Georgian government must secure future for displaced
A child's eye view of the daily struggle facing families displaced by conflict in Georgia
© Amnesty International
4 August 2010
The Georgian authorities must do more than the bare minimum to provide adequate housing, employment and access to health care to those displaced in conflicts in the 1990s and the war with Russia in August 2008, Amnesty International said in a report published today.
In the waiting room: Internally displaced people in Georgia, documents how thousands of people displaced during the conflicts struggle to access basic services.
“Displaced people need more than just roofs over their heads. They need the government to ensure employment, access to health care and benefits. They also need to be consulted and be able to make the choices affecting their lives,” said Nicola Duckworth, Europe and Central Asia Programme Director.
“Displaced people have the right to return to their homes in dignity and safety. However, the government has the obligation to those who cannot or do not want to do so to integrate or to resettle them in other parts of the country.”
About 6 per cent of the population of Georgia (some 246,000 people) are displaced within the country. About 220,000 of these left their homes during conflicts that took place in the early 90s.
Another 128,000 people fled South Ossetia and the Kodori Gorge of Abkhazia during and after the Georgian-Russian war in August 2008. The majority of them have since returned to their homes, but close to 26,000 people are still unable to return, and will not be able to do so in the foreseeable future.
In 2007, the Georgian government began to devise and implement programmes to provide durable housing to those displaced with international assistance.
However, many of those who fled their homes nearly two decades ago are still living in hospitals or military barracks that lack basic hygienic conditions and privacy. Some of the new settlements are located in rural areas lacking essential infrastructure.
Government assistance has yet to reach those who live with family members or in rented flats. Many complain that they have not been consulted about measures directly affecting their lives.
“All those displaced are still suffering from the consequences of war. Displaced people need durable solutions and they need them fast so that they can claim their lives back,” Nicola Duckworth said.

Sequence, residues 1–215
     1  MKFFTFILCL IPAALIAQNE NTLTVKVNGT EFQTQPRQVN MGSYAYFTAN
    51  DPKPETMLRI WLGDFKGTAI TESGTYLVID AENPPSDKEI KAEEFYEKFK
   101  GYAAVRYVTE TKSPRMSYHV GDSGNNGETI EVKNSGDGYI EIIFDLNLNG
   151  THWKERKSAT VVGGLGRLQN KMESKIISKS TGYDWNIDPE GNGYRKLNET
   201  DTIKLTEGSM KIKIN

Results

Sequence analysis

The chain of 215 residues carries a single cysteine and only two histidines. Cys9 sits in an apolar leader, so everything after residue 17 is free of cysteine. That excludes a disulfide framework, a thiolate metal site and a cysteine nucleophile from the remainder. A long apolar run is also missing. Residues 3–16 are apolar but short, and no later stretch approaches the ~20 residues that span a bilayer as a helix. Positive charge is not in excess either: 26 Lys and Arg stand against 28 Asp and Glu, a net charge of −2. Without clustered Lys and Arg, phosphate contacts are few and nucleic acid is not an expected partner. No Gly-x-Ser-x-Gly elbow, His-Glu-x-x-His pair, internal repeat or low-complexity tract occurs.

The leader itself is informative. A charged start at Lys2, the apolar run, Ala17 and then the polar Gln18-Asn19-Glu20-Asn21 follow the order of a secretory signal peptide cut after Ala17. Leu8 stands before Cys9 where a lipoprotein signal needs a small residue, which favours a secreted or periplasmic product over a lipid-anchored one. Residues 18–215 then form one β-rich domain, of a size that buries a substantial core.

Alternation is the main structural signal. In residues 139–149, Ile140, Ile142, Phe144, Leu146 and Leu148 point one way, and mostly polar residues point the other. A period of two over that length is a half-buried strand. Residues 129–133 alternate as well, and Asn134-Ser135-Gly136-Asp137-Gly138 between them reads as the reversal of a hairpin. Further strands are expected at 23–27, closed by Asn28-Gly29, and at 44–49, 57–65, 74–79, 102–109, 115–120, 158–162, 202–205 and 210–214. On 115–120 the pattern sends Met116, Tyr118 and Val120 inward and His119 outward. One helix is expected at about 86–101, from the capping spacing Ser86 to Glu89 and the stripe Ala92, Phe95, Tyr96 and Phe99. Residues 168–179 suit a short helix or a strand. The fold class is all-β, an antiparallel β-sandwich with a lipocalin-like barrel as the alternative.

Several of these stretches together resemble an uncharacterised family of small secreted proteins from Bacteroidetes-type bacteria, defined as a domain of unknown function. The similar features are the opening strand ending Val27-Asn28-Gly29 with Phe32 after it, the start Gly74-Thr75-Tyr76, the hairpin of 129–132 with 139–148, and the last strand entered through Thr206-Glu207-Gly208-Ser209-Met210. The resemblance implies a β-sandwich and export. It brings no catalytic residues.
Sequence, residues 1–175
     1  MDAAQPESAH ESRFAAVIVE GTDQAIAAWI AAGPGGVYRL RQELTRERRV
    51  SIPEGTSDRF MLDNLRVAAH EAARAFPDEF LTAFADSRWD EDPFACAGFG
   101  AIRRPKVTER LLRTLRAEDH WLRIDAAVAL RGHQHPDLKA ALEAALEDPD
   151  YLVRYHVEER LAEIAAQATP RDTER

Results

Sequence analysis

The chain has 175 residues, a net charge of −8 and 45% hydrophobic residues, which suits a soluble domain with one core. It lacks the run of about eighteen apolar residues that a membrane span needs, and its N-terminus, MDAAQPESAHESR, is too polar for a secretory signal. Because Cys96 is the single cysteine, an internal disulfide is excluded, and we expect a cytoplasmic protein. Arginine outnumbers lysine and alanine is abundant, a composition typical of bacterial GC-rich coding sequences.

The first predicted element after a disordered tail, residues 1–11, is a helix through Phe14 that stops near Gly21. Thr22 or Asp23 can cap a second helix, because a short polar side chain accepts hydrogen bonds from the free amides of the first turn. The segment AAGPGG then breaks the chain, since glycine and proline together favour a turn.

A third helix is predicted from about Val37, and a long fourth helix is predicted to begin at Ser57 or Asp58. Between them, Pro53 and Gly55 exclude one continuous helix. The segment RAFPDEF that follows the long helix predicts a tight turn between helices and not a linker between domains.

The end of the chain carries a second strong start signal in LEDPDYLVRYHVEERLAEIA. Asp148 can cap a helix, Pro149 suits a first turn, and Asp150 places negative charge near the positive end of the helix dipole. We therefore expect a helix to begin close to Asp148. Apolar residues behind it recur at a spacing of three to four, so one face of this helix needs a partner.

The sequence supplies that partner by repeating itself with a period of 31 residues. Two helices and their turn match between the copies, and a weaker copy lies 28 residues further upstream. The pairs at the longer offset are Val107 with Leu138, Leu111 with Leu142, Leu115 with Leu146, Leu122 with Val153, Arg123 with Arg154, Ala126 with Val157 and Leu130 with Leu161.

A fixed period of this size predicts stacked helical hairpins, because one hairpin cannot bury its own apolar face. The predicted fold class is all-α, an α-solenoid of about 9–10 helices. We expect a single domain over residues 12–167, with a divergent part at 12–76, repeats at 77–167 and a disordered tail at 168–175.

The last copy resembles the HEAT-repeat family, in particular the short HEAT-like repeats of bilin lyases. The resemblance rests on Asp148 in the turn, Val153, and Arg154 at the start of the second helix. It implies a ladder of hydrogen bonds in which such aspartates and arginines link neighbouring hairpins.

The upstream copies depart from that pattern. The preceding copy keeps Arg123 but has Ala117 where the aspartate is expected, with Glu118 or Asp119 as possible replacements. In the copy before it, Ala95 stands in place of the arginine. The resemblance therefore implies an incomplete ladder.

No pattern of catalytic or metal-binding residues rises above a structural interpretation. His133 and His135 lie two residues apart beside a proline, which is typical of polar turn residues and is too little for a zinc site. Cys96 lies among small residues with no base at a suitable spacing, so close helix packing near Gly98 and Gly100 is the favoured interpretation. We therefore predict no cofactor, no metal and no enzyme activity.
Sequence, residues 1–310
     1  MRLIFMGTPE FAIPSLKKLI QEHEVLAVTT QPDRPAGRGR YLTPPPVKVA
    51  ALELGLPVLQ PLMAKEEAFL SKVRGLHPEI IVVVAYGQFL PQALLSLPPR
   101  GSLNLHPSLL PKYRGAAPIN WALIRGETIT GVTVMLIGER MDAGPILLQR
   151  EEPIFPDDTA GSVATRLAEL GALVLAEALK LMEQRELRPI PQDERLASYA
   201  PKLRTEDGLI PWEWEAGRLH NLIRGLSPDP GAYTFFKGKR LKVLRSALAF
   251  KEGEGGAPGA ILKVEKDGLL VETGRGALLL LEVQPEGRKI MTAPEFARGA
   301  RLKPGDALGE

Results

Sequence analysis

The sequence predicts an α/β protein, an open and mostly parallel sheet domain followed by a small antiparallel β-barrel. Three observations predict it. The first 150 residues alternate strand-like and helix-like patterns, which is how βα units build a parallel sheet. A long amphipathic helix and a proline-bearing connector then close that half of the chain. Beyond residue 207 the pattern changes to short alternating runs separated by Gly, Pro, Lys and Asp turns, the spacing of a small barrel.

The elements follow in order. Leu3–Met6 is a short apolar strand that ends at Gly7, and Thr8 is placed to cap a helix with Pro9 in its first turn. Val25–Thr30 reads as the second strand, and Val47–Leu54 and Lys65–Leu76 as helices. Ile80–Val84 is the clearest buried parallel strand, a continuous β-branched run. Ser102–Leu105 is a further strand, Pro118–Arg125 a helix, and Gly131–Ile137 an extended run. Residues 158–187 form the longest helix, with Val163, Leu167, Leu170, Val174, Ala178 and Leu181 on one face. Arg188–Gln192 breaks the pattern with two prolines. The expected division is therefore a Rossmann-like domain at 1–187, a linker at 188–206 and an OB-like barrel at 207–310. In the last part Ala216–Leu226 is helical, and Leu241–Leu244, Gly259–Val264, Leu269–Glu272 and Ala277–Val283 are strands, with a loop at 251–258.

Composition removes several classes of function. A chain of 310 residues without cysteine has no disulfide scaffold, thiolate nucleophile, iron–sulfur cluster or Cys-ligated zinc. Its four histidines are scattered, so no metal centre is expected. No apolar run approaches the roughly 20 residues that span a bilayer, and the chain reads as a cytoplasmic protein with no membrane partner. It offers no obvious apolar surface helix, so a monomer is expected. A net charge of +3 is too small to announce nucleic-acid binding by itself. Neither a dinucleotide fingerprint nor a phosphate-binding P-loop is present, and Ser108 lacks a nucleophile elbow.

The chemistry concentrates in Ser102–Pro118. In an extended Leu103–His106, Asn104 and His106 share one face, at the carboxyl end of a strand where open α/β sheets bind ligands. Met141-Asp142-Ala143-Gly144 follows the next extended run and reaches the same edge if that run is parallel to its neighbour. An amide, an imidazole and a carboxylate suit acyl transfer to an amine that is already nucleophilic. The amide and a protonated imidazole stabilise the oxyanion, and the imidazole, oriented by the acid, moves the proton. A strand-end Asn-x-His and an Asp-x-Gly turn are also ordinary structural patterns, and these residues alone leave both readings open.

Displaced people suffer from high unemployment, and there are still no comprehensive government programmes targeting this issue.
Poor living conditions and poverty undermine the health of displaced people while the lack of information and the costs for medical treatment make it even more difficult for them to get health care.
“The Georgian government has taken important steps, but housing solutions have to go hand in hand with health care, employment and livelihoods opportunities. This is the only way to fully integrate the tens of thousands of its citizens still living in limbo,” Nicola Duckworth said.
As Iza, displaced woman in a collective centre in Kutaisi, told Amnesty International: “Seventeen years ago, when the war broke out, I was a student of foreign languages at the state university, but never finished. Now my son is in high school, but I do not have any means to afford his university education. I can not rebuild my future any more, maybe I no longer have the prospects of ever finding employment, but I ask the government to at least give more prospects to my children so they have a better future.”
Georgia: In the waiting room: Internally displaced people in Georgia
Date Published: 5 August 2010
The war between Georgia and Russia in August 2008 resulted in hundreds of civilian deaths and tens of thousands of people driven away from their homes. As a particularly vulnerable group, internally displaced persons need adequate access to health care, work and education, but these issues remain low on the government's agenda. This report provides an overview of the most pressing issues faced by internally displaced people in Georgia. It documents shortcomings in their access to economic and social rights, as well as the deprivation and marginalization they experience.